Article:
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    Welcome to the ClaimCare Medical Billing Blog. We strive to provide content that improves the overall quality of medical billing efforts across the US. If you have any specific topics that you would like to see addressed in this medical billing blog please post the topic in the Medical Billing Questions & Answers Forum. If you have an article that you would like considered for publication in the medical billing blog then please email your article to resources@claimcare.net.


    Allowables: Predicting Expected Medical Billing Collections

    Posted by Carl Mays on Wed, Jul 08, 2009 @ 08:36 PM

    medical billing allowables

    This is the fifth and final article in my series on allowables. Now that we have covered how to understand your allowables, set your fee schedules, calculate your yields and value your AR, we are ready to discuss how to predict your practice's cash flow month-to-month.

    In its simplest form, predicting collections can be done by taking your practice's average charges per month over the past year and multiplying by your weighted average practice yield. This calculation provides your average expected monthly collections. For instance, if you practice's average charges per month are $500,000 and your weighted average practice yield is 30%, then your average expected month collections should be around $150,000 ($500,000 X 0.3 = $150,000).

    This does a good job of telling you're your average monthly collections and helping your understand if the collections your have budgeted for the year are supported by your charge volume. It does not, however, help you predict the month-to-month variations that can make managing a practice's cash flow difficult. These variations are primarily driven by changes in charge volume from month-to-month.

    In order to capture the month-to-month variations it is necessary to add another element to your calculations; the distribution of the average month's payments by date of service. In other words, which month's patient encounters generated this month's collections? Once you know this you can apply your practice's average weighted yield to the portion of each preceding month's charges that will impact the current month's collections. This is easiest to see with an example:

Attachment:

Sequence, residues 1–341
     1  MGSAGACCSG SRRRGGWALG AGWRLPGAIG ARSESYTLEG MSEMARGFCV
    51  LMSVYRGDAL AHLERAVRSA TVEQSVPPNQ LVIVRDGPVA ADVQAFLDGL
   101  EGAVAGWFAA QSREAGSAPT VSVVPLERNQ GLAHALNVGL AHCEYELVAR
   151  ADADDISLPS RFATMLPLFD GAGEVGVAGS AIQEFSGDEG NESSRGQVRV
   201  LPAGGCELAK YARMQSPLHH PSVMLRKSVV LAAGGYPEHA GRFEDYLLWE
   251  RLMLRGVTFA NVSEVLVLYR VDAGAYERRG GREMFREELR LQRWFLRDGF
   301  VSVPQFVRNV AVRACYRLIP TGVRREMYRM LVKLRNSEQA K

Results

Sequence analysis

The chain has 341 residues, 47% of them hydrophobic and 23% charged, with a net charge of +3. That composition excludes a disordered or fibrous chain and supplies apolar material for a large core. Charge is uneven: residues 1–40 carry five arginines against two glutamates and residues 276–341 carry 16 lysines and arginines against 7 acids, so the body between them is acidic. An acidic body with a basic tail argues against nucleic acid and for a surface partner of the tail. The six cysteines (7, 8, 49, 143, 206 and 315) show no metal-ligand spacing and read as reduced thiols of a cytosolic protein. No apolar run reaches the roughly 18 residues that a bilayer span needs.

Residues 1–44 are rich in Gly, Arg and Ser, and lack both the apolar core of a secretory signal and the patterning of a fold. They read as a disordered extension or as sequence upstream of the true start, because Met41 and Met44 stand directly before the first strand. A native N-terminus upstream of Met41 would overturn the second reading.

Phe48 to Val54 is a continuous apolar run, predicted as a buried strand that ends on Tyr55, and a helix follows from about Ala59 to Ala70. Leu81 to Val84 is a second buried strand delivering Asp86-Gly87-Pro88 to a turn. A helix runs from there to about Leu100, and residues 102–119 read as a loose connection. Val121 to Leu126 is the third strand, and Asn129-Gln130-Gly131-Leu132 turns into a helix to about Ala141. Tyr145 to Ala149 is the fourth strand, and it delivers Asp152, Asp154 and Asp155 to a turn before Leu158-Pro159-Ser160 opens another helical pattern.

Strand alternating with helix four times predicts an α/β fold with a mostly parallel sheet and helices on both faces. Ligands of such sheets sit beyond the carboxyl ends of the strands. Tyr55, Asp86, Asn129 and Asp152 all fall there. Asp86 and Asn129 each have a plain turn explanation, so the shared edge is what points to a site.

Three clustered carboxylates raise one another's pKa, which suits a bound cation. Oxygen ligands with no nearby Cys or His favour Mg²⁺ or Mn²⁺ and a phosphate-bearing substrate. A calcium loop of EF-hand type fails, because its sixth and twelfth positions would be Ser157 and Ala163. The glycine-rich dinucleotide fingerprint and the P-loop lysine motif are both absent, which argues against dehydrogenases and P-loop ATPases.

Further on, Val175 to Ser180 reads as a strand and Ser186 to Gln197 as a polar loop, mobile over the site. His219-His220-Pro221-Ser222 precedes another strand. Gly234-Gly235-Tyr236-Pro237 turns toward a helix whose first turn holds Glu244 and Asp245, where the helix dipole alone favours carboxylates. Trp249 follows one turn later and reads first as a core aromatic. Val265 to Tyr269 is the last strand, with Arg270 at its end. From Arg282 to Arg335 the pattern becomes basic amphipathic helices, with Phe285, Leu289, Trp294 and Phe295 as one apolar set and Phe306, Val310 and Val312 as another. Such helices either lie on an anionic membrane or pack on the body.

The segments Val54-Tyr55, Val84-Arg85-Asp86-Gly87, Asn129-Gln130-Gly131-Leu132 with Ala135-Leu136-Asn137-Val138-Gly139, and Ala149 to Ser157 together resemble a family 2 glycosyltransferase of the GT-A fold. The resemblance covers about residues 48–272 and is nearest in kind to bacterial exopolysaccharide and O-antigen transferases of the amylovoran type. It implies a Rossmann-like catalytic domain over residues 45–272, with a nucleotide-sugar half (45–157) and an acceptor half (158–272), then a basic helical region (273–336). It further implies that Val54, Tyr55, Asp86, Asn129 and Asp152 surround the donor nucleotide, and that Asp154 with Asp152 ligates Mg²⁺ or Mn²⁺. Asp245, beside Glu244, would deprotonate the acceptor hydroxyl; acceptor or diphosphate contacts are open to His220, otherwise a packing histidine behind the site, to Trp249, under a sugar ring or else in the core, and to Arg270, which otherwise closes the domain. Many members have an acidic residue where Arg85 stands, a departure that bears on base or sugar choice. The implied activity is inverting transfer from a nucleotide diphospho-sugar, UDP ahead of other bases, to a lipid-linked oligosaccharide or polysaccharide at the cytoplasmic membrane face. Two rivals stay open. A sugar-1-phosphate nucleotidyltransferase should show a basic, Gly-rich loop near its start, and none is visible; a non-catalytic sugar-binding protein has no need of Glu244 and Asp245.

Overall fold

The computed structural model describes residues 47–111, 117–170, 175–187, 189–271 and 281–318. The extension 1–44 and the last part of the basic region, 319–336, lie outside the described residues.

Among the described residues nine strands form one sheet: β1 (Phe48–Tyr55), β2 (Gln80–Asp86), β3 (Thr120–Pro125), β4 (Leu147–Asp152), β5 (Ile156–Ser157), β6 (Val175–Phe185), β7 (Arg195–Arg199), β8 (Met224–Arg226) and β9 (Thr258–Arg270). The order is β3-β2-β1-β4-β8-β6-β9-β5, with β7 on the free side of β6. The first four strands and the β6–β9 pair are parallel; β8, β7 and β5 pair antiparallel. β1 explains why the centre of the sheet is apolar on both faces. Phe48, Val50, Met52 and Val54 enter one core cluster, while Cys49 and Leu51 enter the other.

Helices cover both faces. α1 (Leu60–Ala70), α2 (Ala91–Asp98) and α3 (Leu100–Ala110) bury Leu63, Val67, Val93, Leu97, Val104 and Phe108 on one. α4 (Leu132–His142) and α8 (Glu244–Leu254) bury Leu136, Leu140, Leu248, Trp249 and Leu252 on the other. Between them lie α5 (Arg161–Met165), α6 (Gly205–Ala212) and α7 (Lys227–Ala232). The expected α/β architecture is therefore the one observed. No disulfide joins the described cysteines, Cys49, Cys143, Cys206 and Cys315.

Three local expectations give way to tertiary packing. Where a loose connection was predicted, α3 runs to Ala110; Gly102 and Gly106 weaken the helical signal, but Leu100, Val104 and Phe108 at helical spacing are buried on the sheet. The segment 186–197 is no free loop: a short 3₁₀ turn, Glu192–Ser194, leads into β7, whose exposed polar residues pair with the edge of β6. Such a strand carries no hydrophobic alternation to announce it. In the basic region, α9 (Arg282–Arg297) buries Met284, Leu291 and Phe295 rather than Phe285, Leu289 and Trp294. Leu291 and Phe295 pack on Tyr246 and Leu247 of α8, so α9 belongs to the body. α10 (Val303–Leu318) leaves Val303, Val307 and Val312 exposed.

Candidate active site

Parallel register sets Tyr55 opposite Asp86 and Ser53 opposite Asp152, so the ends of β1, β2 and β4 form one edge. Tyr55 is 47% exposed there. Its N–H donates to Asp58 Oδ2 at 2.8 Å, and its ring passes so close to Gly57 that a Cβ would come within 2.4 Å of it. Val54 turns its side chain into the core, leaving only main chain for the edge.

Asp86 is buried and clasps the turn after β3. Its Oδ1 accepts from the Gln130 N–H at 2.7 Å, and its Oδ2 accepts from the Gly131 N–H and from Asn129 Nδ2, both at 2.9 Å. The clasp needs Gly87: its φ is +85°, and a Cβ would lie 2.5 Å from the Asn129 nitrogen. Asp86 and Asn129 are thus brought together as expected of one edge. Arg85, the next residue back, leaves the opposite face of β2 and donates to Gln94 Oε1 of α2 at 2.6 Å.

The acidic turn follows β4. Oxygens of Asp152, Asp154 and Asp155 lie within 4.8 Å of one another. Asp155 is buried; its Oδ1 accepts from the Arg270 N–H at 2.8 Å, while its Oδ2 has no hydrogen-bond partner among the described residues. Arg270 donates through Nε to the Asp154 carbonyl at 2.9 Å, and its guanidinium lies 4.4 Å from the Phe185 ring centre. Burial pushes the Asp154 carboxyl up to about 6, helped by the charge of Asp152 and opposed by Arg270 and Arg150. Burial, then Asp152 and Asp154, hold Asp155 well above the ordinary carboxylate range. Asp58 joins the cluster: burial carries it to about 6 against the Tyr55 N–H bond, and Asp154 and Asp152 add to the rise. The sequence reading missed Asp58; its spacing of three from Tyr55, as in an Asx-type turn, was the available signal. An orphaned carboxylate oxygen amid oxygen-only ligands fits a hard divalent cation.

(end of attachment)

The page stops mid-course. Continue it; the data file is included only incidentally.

Let's assume your weighted average practice yield is 30% and your collection distribution is:

    • 15% of this month's collections come from this month's dates of service (month N);
    • 40% of this month's collections come from last month's date of service (month N-1);
    • 25% of this month's collections come from dates of service from two months ago (month N-2);
    • 10% of this month's collections come from dates of service from three months ago (month N-3);
    • 10% of this month's collections come from dates of service of 4+ months ago (month N-4+).

    With this information in hand (which a good billing system or billing provider should be able to provide) you are ready to build a predictive collections model. If you use excel then you can build the model so that on one row your enter the practice's charges by month and then directly below you calculate the collections for the month. If we take the data from above, the calculation for each month would be (where n equals the current month):

     ((month N charges x 0.3 x 0.15) + (month N-1 charges x 0.3 x 0.4) + (month N-2 charges x 0.3 x 0.25) + (month N-3 charges x 0.3 x 0.1))/0.9  = Month N expected collections.

    A couple of items of note:

    • The faster your collections the more the current month's collections are dependent on the current month's charges.
    • In order to simplify the calculation it is helpful to limit the calculation to the current month and the three previous months. This is what I did above and it is the reason that I divided the answer by 0.9. The current month and the preceding 3 months account for 90% of the current month's collections. When I divide the answer by 0.9 (90%), I take this 90% answer and extrapolate it to 100%.

    Once you have constructed an excel spreadsheet with the formula's outlines above you can quite accurately predict your month-to-month collections and account for the impact of seasonal and vacation driven changes in your charge volume. In addition, with the collection prediction in place your can quickly spot billing issues before they have a chance to propagate.